The most common question we get asked as cheese mongers is “What is your favorite cheese?”. Though we’ve heard it a thousand times, it’s still a fun one to answer, because real cheese changes with the season, and favorites can change just as frequently.
Answers typically range from the practical – Parmigiano Reggiano is always a safe bet, as is Gruyere – to the seasonally sublime – hard not to vote for Rush Creek Reserve in December – and everywhere in between. Certain mongers might reference the cheese label tattooed on their arm, or, in my case, the cheese I named my son after (Montgomery’s Cheddar).
But if you alter the question just slightly, and ask “What cheese do you have in your fridge at the moment?”, chances are you’ll start to hear the same response ad nauseam: Di Bruno cheese spreads.
Yes, over all the clothbound cheddars, gooey bries, and crystalline goudas, the cheeses we can’t live without are our house spreads. Why? Because they have numerous applications, come in a variety of flavors, and have a higher flavor-to-price ration of any cheese in the shop.
I’ve had the pleasure of working for Di Bruno Bros. for over two decades now, and I’ve achieved many milestones along the way. But the first time I knew I’d made it was the day they taught me how to make the spreads. Back when we only had the one store in the Italian Market, we would make all of our spreads on the second floor in a mixing bowl large enough to sit in. Four varieties of cheese made up the base for the full line: Provolone, Cheddar, Cream Cheese, and Goat Cheese. Spices and dry ingredients were on the shelf overhead, above hand-written recipes created by the original owners, Danny and Joe. The spreads were a big deal, and learning how to make them was an equally big deal.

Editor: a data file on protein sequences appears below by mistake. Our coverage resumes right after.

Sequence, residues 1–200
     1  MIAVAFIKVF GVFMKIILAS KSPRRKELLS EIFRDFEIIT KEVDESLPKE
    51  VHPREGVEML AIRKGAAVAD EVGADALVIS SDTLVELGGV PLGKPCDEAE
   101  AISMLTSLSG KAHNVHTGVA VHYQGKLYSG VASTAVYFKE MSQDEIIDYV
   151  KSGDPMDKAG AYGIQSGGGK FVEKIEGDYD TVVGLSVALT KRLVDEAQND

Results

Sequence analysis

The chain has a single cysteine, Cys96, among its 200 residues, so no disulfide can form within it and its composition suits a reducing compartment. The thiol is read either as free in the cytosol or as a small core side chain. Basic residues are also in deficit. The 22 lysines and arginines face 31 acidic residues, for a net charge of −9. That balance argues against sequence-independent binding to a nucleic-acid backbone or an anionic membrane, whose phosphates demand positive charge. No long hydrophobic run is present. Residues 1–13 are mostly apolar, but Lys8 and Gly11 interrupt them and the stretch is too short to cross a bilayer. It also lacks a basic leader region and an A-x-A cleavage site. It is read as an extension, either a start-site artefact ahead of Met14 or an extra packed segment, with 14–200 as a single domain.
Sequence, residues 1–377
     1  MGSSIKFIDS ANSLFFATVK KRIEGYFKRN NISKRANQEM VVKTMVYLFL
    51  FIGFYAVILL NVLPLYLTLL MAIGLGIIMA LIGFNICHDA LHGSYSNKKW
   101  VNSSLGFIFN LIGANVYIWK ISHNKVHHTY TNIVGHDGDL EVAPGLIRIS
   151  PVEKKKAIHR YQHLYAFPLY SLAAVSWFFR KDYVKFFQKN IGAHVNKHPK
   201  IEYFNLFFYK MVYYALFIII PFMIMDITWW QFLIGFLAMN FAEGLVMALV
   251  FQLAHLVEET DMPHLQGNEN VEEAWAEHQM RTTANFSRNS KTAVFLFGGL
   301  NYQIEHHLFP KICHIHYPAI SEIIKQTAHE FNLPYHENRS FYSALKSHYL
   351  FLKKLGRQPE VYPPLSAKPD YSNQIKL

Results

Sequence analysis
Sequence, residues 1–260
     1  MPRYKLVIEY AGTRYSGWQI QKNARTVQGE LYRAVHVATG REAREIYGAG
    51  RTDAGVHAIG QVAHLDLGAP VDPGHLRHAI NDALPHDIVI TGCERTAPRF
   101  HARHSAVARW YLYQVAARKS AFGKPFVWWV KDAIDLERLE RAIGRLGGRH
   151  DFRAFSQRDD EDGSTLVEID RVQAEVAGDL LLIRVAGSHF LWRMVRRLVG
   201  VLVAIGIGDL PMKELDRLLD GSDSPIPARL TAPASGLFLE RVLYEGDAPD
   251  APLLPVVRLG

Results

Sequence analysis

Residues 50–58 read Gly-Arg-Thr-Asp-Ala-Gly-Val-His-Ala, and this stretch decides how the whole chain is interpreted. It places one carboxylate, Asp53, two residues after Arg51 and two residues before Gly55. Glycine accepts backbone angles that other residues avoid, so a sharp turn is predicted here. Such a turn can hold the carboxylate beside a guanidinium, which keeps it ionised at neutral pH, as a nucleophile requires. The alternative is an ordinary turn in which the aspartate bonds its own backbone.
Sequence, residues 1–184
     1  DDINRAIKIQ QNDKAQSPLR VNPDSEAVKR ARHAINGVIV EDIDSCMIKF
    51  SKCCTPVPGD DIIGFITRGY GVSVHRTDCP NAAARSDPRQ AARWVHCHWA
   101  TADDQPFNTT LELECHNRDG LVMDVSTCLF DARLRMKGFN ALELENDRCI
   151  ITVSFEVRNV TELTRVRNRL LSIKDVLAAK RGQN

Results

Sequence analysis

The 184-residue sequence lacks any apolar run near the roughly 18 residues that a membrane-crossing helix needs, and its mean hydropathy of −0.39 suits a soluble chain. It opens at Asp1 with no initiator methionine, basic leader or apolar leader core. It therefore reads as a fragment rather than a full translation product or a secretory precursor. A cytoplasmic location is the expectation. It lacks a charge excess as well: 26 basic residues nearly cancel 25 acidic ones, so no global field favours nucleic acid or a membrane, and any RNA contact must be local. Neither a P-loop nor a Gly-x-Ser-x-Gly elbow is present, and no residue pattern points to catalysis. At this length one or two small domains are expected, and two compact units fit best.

We sold the spreads loose out of buckets by the front door. Customers would sample them the way they sample gelato at Capogiro now, slowly working through the full assortment until they’d made up their minds. It wasn’t uncommon for the spreads to make up the bulk of the purchase.
Nowadays, the spreads come in a more professional package for $6.99 (2 for $10), but the heart and soul is the same as it ever was. We use the spreads for everything. As they were originally intended, they’re dips for appetizers, served with crackers, toast points, or crudité. They make excellent pasta sauces, when simply melted down with either a little cream or chicken stock and tossed with pasta. I enjoy them most at breakfast, melted into scrambled eggs or smeared on the toast of my breakfast sandwich.
This summer, we want to share our enthusiasm for these spreads with our #spreadthecheeselove social campaign. One of the things we love most about the spreads is how well they travel. Whether down the shore, on a picnic in Rittenhouse Square, at an outdoor concert, at the Phillies game, or on a long road trip, DB cheese spreads are your friend.